“Scarlet started on seven to eight bottled feeds of milk each day, getting her first feed early in the morning, throughout the day and then into the early hours. She is steadily gaining weight each day. During the first week after mum died she was cared for solely by her keepers, but then at four weeks she was reintroduced to her dad Normski. We were all delighted how well it went and the two were soon cuddled up together in the evenings and he maintains a watchful eye over her during the day. The fact she and her father have bonded so well means that he is teaching her natural Pudu behaviour."
“It has taken a lot of time and commitment from keepers, and at seven weeks old we are still giving her a small number of bottles during the day, but we could not be happier to see little Scarlet thrive. She has done so well that visitors are able to see her with dad at our Pudu enclosure at Edinburgh Zoo.”
Southern Pudus are normally found in southern Chile and south-western Argentina and are actually the world’s smallest deer. When fully grown they stand only at 38cm high and weigh around 9 to 15kg. Adults are reddish to dark brown and fawns have spots until they are a few months old. Females tend to give birth to a single fawn weighing around 1kg, which is weaned at around two months. Pudu are classified as a vulnerable species as their numbers have declined due to their primary rainforest habitat being destroyed and cleared for cattle ranching and other human developments.
A fawn from the smallest species of deer in the world has been born at the United Kingdom's Chester Zoo. The baby Southern Pudu, who was born on June 19, is part of an international conservation breeding program to protect this endangered species.
The tiny deer, named Thor by his keepers, weighed less than two pounds (900g) when he was born to his mom Serena and dad Odin. A fully-grown Pudu is only 15 inches (38 cm) tall at the shoulders.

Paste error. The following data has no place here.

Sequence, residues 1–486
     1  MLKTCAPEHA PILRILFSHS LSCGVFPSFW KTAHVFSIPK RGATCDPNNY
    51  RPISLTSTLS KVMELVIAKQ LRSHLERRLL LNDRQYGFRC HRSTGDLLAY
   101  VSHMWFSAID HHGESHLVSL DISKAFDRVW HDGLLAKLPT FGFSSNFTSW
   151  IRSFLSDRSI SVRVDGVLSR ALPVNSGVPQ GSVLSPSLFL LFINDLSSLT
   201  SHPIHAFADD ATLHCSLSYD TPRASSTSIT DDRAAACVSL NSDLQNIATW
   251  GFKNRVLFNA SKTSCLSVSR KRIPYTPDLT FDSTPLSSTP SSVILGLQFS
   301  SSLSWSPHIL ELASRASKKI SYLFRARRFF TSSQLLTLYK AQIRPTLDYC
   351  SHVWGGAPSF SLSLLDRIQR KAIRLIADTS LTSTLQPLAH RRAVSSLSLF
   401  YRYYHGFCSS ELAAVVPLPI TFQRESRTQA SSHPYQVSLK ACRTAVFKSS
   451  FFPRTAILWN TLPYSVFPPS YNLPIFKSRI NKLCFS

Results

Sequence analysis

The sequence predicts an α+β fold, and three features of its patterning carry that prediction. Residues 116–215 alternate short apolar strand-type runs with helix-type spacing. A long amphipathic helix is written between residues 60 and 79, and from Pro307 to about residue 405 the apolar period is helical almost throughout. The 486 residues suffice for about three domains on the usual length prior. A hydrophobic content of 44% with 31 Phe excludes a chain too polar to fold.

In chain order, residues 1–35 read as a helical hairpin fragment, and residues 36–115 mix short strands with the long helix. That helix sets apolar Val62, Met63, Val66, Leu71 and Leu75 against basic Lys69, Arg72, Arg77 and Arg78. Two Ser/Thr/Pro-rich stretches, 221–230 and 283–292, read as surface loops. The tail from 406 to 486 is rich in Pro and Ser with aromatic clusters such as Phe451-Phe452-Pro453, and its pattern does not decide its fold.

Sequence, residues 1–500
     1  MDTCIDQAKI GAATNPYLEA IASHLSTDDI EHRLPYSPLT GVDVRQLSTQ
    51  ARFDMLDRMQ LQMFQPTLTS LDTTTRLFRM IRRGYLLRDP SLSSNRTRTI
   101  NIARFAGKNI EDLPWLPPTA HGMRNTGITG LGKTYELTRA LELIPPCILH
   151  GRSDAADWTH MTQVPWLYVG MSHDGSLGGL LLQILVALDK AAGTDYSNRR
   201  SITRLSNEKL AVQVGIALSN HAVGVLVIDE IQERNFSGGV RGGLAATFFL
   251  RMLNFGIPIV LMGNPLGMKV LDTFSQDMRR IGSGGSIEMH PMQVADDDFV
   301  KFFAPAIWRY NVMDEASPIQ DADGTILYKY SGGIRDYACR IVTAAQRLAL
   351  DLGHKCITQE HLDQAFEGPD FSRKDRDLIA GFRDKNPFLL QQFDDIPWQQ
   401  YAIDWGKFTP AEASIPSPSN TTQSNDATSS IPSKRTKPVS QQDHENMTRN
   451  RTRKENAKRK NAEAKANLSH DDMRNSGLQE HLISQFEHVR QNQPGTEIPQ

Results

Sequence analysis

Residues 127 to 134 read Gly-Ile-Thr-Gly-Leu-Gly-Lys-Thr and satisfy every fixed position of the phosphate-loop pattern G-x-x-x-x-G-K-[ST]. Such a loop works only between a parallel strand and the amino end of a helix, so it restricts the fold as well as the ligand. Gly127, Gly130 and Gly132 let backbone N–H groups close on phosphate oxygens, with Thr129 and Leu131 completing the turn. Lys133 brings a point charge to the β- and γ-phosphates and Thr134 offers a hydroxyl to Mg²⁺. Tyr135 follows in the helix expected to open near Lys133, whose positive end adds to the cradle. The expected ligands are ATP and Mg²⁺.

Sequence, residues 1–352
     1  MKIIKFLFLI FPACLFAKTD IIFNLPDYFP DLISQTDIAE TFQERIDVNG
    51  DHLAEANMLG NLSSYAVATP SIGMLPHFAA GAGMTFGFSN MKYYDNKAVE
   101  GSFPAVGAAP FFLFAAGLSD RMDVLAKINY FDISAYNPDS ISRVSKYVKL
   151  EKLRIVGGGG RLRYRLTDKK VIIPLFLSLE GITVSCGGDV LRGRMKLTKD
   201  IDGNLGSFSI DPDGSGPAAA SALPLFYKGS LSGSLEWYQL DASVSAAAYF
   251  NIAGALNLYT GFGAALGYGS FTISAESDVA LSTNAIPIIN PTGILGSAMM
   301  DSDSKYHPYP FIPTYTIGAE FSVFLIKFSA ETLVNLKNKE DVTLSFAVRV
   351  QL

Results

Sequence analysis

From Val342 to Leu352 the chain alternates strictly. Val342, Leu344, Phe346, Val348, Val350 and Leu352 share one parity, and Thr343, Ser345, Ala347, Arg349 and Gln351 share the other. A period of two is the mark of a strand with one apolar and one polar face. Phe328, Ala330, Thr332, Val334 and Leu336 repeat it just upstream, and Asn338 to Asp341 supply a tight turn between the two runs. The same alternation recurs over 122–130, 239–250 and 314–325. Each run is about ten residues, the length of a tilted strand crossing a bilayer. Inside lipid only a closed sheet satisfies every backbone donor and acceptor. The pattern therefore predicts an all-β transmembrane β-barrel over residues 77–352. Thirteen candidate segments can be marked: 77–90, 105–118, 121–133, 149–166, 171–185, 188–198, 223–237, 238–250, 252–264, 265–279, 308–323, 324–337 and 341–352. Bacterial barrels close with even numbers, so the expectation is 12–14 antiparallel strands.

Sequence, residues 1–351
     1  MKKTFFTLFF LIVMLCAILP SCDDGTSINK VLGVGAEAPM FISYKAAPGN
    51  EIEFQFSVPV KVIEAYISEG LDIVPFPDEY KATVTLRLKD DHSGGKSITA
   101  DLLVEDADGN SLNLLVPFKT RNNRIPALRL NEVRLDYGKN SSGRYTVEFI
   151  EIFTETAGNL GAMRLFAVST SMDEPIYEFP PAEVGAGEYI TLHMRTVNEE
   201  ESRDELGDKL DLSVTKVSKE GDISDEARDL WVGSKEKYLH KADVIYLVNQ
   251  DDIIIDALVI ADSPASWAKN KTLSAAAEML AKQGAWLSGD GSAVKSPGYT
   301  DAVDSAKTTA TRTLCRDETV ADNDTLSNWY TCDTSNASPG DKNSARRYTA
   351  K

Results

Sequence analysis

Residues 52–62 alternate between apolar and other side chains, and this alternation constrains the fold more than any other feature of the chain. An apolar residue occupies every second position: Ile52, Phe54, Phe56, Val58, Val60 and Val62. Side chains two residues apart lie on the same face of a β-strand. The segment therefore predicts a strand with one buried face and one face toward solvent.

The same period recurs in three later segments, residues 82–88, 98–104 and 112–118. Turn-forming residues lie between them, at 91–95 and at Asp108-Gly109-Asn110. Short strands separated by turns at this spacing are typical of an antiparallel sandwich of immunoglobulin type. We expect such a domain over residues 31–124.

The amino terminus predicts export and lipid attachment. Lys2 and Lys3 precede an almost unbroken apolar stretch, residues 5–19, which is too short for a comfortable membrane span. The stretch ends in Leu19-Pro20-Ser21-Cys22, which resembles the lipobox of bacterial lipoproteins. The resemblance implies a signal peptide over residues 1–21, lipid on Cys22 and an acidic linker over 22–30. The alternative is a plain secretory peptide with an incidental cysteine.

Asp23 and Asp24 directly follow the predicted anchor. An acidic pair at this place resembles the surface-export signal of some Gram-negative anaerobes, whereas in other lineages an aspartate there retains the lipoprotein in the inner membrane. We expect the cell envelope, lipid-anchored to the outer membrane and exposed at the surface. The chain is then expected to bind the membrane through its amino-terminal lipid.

The Pudu is native to the rainforests of Chile and Argentina. Their numbers have declined due in part to their rainforest habitat being destroyed and cleared for cattle ranching and other human developments.
A rare Southern Pudu, the world’s smallest species of deer, was born at the Wildlife Conservation Society's (WCS) Queens Zoo in New York. The young doe weighed one pound at her birth on July 8th, and could weigh as much as 20 pounds as an adult. The fawn is still nursing but will soon transition to fresh leaves, grain, kale, carrots, and hay.
Pudu are extraordinary creatures. Although small in stature, only 12 to 14 inches at the shoulder, Pudu are excellent jumpers, sprinters, and climbers. What the Pudu lacks in size, it makes up in strategy: when chased, Pudu run in a zigzag pattern to escape predation. They will bark when they sense danger and can climb fallen trees.
Southern Pudu are native to Chile and Argentina, and are designated Vulnerable on the International Union for Conservation of Nature's Red List of Threatened Species. Using research and conservation practices, WCS is working in the Pudu’s range countries to grapple with habitat loss and other threats to wildlife. Visit WCS's website if you're interested in making a donation to help save wildlife and wild places.